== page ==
14 of 15 people found the following review helpful
Great Worldbuilding 7 Feb. 2002
By A Customer - Published on
Format: Paperback Verified Purchase
I was aware of Susan Sizemore as a romance novelist. Then I discovered her dark fantasy vampire series, all of which contain strong romantic elements along with a different look at a vampire culture. I've even found some short stories by this author in several fantasy anthologies. I'm not used to an author that gets around so much, but I've enjoyed every book of Sizemore's that I've read, some more than other, of course. I must say that I think Gates of Hell is far and away the best thing she's written. This book is undisciplined, unrestrained, and over the top - but, wow, what a ride!
Other reviews here have given the outline of the story and opinions (for good or ill) of the characters and the strong romantic elements, but I don't think anyone has mentioned the worldbuilding. Fond as I am of Roxy, Pyr, Martin, Dee, Linch and the rest of the characters and the space opera that is their lives, I think it was the tantalizing glimpse into the United Systems universe that I found most intriguing.
Among the matters touched on in the course of the book were the differences between military and civilian perceptions of wars and politics, budgetary constraints, the history of the United Systems, religious conflicts, types of marriages (how did Martin end up married not only to Roxy's sister, but to Rafe and Betheny as well?), technological development, love, death, basketball and there might even have been some mention of taxes in there somewhere. The story was about finding a cure for the Sagouran Fever and the cause behind the plague, but the action is played out as an episode in a universe where much has happened in the past, and the future is hinted at.
While the plot of the book stands alone, I hope the author intended Gates of Hell as an introductory book to a series set in this universe. Because, I for one, would very much like to visit the United Systems again.
9 of 11 people found the following review helpful
great read 19 Mar. 2002
By KLF-dc - Published on
Format: Paperback Verified Purchase
I've always avoided Sizemore's books because I'm just not into this Vampire thing. Fortunately, despite the book's title, there's not a vampire to be found herein (though a bite of another sort plays an important role in the plot). This is a fun, well-written read with sympathetic characters in an intersting universe. Hint - KEEP GOING past the first chapter - it gets much more interesting. I'm disappointed that Sizemore hasn't written more set in this locale. Readers of the wonderful Lee/Miller Liaden stories might enjoy this.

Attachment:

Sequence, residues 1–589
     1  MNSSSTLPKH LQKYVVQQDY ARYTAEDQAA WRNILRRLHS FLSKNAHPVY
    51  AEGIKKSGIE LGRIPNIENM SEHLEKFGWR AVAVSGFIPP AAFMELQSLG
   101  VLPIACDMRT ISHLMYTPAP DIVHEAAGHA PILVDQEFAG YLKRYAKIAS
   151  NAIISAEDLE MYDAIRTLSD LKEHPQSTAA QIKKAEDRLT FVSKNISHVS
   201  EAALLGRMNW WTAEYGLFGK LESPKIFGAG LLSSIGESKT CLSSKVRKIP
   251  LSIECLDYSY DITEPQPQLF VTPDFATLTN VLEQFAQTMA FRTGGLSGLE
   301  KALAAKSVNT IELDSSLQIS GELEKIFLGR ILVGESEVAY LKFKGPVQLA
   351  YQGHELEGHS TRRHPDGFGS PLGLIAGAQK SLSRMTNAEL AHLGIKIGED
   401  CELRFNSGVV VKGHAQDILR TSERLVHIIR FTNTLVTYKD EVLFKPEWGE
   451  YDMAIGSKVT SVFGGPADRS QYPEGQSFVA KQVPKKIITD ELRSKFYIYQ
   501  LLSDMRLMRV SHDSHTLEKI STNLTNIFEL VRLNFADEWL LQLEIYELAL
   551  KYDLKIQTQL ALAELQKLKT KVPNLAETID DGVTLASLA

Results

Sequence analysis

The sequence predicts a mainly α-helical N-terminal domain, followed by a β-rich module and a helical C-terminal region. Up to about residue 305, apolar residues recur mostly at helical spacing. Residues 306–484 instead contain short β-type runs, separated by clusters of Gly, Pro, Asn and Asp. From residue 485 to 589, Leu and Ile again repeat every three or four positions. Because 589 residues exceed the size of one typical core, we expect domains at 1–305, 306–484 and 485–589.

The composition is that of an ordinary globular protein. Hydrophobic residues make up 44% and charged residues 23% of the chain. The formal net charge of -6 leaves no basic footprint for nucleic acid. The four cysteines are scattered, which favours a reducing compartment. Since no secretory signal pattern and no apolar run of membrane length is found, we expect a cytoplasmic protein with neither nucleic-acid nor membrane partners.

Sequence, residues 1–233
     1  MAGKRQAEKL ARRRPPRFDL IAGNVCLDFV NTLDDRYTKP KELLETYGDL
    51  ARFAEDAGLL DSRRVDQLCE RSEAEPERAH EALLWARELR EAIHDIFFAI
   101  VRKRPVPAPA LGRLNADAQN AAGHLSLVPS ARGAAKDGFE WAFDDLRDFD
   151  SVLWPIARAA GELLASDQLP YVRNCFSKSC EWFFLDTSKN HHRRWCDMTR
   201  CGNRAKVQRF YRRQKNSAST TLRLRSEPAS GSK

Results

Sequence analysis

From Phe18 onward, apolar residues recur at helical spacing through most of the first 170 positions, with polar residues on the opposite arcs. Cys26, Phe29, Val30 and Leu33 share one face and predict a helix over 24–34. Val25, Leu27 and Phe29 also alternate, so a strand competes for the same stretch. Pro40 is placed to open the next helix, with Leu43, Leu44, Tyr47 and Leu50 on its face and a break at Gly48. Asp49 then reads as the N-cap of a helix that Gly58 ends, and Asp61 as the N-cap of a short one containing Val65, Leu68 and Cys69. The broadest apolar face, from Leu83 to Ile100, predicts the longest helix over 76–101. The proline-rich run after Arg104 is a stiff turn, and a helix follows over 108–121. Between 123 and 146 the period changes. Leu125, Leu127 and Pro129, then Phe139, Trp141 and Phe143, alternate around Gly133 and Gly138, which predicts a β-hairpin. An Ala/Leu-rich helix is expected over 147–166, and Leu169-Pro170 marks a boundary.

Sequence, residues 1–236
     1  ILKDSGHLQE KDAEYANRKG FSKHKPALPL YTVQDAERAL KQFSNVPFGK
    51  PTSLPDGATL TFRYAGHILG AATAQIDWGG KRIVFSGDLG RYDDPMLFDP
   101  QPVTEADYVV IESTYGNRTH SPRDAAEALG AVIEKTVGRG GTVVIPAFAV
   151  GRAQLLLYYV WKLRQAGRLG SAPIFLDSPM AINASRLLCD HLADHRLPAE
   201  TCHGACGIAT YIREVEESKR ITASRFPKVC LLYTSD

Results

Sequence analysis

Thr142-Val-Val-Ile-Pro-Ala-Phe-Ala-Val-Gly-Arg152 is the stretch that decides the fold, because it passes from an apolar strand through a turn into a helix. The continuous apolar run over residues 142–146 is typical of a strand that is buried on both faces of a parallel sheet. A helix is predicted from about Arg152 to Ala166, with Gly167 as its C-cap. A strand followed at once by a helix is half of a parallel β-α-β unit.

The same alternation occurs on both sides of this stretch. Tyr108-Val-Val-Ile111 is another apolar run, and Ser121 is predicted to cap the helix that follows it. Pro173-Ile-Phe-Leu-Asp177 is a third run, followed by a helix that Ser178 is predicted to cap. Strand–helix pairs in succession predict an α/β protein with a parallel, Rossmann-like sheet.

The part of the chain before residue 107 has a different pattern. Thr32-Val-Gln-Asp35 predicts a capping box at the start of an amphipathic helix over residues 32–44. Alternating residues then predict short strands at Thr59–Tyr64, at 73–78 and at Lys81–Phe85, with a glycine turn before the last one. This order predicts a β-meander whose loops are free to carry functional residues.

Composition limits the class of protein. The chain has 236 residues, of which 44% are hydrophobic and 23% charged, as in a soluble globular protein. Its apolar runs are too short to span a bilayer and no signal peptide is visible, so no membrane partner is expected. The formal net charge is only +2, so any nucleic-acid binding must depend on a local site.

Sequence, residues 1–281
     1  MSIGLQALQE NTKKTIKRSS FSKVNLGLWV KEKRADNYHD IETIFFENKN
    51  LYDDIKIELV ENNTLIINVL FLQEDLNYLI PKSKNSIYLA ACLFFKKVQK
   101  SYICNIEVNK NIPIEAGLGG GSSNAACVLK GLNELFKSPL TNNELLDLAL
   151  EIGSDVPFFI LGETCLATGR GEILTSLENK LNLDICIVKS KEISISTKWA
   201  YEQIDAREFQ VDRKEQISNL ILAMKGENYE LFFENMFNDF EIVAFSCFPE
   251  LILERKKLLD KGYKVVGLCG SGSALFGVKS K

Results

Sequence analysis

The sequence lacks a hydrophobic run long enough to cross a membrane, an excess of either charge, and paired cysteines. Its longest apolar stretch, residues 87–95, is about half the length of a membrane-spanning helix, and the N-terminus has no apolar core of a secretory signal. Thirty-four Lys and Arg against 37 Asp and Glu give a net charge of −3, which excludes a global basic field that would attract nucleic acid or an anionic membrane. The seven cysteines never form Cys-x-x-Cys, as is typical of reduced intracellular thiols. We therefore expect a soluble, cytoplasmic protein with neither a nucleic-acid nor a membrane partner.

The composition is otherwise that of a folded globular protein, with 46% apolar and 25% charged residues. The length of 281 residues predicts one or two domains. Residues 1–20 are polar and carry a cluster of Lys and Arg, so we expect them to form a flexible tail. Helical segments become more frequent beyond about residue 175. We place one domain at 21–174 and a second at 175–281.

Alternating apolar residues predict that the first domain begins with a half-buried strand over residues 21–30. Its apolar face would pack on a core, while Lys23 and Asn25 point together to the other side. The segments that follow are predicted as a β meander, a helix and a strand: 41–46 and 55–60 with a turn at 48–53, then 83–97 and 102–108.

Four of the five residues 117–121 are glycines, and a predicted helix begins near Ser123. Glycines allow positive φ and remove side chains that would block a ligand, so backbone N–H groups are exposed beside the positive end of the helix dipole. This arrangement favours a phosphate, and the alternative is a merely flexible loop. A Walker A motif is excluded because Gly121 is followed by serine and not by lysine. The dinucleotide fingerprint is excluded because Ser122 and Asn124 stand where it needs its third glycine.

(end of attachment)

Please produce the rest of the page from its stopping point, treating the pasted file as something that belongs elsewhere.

3 of 3 people found the following review helpful
A Romance and a Sci-Fi glued together 7 May 2012
By Debra Dunbar - Published on
Format: Kindle Edition Verified Purchase
The Gates of Hell was shaping up to be an intriguing novel, about a devastating plague, the healer trying to halt it, and a seemingly unconnected space pirate looking for a kidnapped crew member. I love the complex plots that occur in sci-fi, and I was eager to see how it all came together. Who is this driven, ruthless pirate, and what role will he play in the health crisis decimating entire planets? Will the healer be able to pause in the exhausting task of healing one person at a time in order to concentrate on finding a cure? Time is running out!

And then, halfway through the novel, it turned into a romance.

It was like a different writer took over the book, flipped it ninety degrees, and rode off into the sunset on a white horse. None of the first half of the book prepared me in any way for this abrupt change. Out of the blue, this sci-fi about conspiracy, bio-warfare, and drug running became chock full of life-mate bonding and telepathic pheromones. Yes, there was still a conspiracy and a plague, but all that took a back seat to steamy romance.

But, you ask, didn't you see the cover? Aren't you aware that Susan Sizemore writes romances? Yes and Yes. But covers are often perplexingly different than the story inside. I also got the feeling, reinforced by the first half of the book, that the author was crossing into a new genre. I love romance. I would have been thrilled to read this as a romance, if only the first half of the novel had been set up that way.

Overall, it was two halves of two good books, unfortunately glued together. The first half was a nice sci-fi, the last half was a nice romance, but the change from one to the other was disruptive to the tone and flow of the book. I wish there had been two books. One the sci-fi the author had so compellingly begun to weave, and another in the typical romance style.